days included plenary lectures held at the National Museum of Fine Arts, in a
beautiful early 20th-century amphitheater with temperatures suitable
for cold storage. In 2009, the Cuban government mandated strict environmental
controls for all Cuban heritage collections: 18C +/- 2C and 45% RH. Many collection
caretakers, especially those in the provinces, face significant challenges with
environmental control and access to better quality paper or plastic enclosures.
Fifty-eight intergenerational participants from cultural and private
institutions attended. There were conservators, curators, archivists,
architects, educators, and photographers. All were eager to learn, engaged,
appreciative, and many were natural leaders. Their collections ranged in size
and type to include everything from daguerreotypes to digital print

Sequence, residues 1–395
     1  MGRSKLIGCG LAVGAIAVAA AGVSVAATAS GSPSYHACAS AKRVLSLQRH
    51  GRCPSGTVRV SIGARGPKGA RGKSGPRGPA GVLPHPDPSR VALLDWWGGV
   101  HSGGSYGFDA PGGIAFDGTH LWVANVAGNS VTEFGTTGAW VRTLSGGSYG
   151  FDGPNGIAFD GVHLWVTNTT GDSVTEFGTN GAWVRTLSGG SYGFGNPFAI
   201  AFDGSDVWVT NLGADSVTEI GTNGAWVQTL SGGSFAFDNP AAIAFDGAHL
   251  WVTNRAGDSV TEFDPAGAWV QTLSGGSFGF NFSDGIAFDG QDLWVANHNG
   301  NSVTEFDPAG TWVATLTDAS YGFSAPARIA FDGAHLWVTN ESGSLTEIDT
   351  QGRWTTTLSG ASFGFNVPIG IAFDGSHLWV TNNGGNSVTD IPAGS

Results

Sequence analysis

Lessons focused on the examination, identification, and care of photographic print and negative collections. Hands-on sessions followed the lectures, reinforcing key concepts. Sessions included testing housing materials for pH and dye bleed, the use of polarizing filters and acid-detector strips, and options for non-adhesive matting and mounting. Ronel and Shannon led an interesting session on tools for the conservators; a box of 19th-and 20th-century photographic prints were among the materials left onsite for use by the School of Conservation or the Instituto Superior de Arte (ISA). Collection visits were also paid to the Office of the Historian of the City of Havana and the Museum of Music, which house mid-19th century images of Cuba, photographs of famous musicians, and the earliest extant copy of the lyrics to the Cuban National Anthem (La Bayamesa) written and composed in 1867 by Perucho Figueredo (Amparo's great-great-grandfather).